Last night, I got a phone call from the daughter of an acquaintance. She’s a longtime high school English teacher who wants to start freelance writing on the side, and since I’m a freelance writer, she thought I may be able to offer some advice about getting started.
Apparently, she’s not alone. As the economy remains shaky, increasing numbers of people with full-time employment are adding second jobs or contracting gigs to help pay the bills or offer extra security in the face of possible layoffs. According to last week’s Wall Street Journal, 9 percent of white collar workers participating in a recent survey have taken a second job within the past year, and 19 percent say they plan to take a second job sometime this year.
In some cases, moonlighters intend to eventually quit their full-time jobs and be solely self-employed, like the woman who called me last night. In other cases, workers are simply looking to supplement their salary or be more prepared to face a double-dip (or even triple-dip) recession, should the economy continue to falter. Either way, if you’re working full-time with additional work on the side (or contemplating that situation), these tips may help you juggle the work successfully.
- Set goals. Before launching your career as a moonlighter, set specific goals for what you want to accomplish. Maybe you want to make an extra $500 each month or want to pay off a specific debt. Perhaps you want to work your way into a different career by a specific date. Be clear about the reasons you’re doing this, and on the days (or nights or weekends) when you feel like throwing in the towel, you can revisit your goals and see the progress you’ve made.
- Network with other moonlighters. Make an effort to meet other folks who are, like you, spending their nights and weekends working at second jobs or starting their own businesses. First, they’ll understand the struggles you might face more than your friends who work one job and then have plenty of time for recreation and socializing. Also, other moonlighters will be able to offer good advice about getting started, managing your time, and handling conflicts between first and second jobs.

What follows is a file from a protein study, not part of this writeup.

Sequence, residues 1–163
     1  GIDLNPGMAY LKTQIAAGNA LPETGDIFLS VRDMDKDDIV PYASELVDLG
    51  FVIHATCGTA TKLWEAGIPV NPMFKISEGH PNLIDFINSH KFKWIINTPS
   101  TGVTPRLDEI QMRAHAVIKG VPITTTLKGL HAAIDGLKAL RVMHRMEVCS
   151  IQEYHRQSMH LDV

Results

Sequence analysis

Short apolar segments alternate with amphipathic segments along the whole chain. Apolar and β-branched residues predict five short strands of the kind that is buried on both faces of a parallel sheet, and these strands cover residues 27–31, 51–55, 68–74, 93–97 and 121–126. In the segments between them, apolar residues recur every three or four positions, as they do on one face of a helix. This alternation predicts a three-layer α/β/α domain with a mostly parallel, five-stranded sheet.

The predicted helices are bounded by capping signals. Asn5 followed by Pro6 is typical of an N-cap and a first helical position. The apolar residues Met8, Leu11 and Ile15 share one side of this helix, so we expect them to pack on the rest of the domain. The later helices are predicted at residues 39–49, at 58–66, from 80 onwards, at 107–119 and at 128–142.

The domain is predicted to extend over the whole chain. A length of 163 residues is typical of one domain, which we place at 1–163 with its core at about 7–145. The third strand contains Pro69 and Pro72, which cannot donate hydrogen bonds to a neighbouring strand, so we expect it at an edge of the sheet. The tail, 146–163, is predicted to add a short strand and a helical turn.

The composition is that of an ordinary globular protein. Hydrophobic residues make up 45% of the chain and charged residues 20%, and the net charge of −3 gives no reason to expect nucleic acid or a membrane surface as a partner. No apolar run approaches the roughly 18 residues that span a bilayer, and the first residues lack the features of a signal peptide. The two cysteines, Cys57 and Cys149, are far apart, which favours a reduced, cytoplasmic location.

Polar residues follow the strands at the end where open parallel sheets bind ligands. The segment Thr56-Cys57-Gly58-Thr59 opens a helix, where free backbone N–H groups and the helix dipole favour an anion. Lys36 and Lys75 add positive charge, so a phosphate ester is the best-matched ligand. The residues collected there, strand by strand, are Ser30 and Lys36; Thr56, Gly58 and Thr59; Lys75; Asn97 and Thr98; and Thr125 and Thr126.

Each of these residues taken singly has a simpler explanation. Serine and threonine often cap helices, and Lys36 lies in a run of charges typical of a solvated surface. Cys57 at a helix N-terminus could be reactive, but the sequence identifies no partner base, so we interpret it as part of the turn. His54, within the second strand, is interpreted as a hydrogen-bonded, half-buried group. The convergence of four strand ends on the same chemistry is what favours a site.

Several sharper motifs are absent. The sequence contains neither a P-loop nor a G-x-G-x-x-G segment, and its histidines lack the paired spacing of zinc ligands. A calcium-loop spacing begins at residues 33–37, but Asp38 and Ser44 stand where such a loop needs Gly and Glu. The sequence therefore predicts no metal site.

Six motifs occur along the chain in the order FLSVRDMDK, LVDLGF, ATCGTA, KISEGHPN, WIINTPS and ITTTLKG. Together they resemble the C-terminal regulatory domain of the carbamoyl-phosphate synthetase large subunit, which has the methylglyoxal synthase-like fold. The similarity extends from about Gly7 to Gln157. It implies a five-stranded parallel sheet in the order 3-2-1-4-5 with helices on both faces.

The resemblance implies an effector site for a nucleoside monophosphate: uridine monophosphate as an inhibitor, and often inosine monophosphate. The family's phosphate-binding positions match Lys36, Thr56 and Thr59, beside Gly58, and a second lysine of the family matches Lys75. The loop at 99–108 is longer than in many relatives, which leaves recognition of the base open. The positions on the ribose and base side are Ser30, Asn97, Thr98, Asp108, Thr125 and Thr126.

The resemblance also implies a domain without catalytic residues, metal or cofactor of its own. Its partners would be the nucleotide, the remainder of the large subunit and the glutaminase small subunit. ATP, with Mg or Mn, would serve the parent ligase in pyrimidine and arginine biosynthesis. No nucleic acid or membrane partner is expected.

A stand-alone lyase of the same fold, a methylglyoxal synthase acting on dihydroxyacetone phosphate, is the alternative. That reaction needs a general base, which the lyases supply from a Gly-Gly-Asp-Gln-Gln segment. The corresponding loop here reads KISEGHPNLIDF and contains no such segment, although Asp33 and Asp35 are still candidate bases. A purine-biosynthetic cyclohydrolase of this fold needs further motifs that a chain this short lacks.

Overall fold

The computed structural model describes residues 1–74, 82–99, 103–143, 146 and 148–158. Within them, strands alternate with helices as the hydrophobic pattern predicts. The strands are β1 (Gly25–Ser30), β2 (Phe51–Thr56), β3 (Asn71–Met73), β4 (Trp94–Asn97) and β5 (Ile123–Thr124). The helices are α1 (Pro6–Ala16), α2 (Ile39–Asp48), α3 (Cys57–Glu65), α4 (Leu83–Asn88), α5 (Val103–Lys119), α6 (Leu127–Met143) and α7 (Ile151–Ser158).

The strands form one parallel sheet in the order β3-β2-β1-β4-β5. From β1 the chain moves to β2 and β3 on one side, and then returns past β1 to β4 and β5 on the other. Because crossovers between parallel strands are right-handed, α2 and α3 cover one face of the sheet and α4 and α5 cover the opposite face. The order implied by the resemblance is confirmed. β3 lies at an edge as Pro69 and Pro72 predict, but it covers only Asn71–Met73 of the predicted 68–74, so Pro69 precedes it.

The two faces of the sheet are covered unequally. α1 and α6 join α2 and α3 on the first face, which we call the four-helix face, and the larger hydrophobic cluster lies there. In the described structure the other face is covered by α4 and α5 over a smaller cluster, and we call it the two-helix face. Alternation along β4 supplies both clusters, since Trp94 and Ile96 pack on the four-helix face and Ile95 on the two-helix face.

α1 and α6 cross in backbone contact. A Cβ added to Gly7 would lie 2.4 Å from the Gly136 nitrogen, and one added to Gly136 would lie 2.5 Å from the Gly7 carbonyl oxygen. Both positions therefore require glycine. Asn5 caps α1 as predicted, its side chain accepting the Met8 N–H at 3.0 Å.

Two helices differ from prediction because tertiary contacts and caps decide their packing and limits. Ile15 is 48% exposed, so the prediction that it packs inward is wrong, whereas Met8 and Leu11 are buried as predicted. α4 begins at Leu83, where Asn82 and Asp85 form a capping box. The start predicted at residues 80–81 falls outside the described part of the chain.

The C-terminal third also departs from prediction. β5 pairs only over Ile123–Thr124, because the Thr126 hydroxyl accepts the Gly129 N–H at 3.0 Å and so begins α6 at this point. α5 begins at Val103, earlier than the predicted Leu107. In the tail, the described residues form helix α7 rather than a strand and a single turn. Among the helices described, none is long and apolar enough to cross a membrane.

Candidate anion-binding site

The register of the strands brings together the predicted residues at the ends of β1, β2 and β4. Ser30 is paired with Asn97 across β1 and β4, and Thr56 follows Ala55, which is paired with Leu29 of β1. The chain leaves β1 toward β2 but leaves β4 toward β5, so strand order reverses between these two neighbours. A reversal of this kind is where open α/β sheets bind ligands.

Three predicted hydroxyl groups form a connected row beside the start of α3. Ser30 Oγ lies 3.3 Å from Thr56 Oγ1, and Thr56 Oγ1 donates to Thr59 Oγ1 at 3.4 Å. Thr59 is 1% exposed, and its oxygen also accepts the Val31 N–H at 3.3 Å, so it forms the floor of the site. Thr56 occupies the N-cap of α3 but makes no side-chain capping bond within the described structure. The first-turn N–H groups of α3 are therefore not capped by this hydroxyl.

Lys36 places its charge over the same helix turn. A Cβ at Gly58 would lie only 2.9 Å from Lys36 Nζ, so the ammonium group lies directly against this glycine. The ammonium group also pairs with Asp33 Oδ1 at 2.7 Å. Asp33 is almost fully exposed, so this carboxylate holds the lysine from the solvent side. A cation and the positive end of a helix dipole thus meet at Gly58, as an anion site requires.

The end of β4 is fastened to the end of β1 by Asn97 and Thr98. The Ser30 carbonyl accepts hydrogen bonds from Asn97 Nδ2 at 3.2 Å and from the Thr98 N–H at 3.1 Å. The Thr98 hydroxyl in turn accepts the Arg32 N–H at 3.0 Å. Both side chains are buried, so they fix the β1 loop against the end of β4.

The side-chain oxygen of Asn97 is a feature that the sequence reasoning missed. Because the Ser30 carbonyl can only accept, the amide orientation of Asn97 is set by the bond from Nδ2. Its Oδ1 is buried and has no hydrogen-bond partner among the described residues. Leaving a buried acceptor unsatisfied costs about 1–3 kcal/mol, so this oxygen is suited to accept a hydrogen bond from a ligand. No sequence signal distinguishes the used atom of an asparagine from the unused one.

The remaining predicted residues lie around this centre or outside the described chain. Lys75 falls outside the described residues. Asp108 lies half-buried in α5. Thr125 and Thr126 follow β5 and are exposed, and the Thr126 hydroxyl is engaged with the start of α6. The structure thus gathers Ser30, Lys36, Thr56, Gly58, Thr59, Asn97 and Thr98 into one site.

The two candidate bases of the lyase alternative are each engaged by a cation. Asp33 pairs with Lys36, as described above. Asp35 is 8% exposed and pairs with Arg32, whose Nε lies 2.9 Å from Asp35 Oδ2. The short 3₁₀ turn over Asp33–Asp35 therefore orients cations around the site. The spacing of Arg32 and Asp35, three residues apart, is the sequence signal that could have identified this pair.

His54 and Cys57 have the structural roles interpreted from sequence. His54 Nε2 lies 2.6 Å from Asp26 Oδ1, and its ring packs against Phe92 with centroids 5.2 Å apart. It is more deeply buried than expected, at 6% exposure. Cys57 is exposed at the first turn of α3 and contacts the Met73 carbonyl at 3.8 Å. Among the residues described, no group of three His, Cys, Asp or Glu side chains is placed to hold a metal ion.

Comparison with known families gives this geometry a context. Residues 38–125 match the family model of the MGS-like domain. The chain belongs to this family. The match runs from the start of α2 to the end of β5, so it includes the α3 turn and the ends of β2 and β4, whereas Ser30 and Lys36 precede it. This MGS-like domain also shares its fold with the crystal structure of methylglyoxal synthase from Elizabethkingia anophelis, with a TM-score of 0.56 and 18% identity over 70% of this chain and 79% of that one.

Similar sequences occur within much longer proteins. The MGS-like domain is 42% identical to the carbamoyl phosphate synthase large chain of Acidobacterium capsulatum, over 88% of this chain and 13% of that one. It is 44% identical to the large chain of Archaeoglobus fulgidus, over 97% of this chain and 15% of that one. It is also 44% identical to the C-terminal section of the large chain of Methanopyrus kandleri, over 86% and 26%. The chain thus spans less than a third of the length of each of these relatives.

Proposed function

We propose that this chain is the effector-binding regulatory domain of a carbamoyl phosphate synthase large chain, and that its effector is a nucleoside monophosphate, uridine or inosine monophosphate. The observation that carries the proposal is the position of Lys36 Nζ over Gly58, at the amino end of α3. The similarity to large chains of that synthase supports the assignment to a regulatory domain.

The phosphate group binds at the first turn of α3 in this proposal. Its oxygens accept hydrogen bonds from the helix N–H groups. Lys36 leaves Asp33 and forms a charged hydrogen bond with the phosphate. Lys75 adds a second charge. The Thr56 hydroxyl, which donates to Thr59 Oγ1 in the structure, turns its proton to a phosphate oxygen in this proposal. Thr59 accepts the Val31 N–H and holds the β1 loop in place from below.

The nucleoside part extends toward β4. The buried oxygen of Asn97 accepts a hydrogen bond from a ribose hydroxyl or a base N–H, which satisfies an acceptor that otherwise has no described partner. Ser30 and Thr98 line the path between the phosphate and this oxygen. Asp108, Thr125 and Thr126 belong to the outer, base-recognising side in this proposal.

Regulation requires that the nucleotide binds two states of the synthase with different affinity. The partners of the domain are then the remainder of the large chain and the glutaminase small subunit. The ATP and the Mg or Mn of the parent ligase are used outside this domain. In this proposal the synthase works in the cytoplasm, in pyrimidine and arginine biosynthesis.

- Protect your day job. Unless you’re really ready to give up your full-time job, be vigilant about making sure your second job doesn’t interfere with your full-time employment. That means don’t work on moonlighting projects while you’re at your day job, and don’t slack in your regular job responsibilities. Continue to show up on time and be ready to give a full day’s work, even if you’ve been up past midnight finishing a project for an on-the-side client. If you’re trying to increase your income, losing your day job before you’re ready will quickly prevent you from meeting that goal.
- Give yourself a break. As difficult as it may be when you’re working two or more jobs, don’t work all the time. You’ve heard that “all work and no play makes Jack a dull boy,” but that’s not all: It also can contribute to health problems and relationship failures. Make sure to build in time for relaxation and spending time with family and friends. Remember, nobody on a deathbed ever wished she’d spent more time working.